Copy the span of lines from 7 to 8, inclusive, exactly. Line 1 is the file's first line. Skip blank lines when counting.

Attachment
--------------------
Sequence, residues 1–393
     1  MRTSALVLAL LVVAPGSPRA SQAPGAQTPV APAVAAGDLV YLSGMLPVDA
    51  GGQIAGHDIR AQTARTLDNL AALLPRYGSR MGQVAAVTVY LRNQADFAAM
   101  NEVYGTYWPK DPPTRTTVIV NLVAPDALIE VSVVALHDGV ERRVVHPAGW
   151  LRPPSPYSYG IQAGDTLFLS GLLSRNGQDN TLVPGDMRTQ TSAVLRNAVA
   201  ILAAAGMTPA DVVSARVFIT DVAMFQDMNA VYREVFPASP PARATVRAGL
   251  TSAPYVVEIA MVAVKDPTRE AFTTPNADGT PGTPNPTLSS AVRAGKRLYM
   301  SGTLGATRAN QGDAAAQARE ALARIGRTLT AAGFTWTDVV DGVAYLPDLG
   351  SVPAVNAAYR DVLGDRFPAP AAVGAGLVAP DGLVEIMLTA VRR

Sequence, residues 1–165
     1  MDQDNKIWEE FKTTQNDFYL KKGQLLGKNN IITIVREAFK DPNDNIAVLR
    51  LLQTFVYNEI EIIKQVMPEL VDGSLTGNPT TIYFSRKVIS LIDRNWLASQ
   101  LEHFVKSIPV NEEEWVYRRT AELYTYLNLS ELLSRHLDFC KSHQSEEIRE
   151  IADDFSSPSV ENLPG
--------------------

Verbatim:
   251  TSAPYVVEIA MVAVKDPTRE AFTTPNADGT PGTPNPTLSS AVRAGKRLYM
   301  SGTLGATRAN QGDAAAQARE ALARIGRTLT AAGFTWTDVV DGVAYLPDLG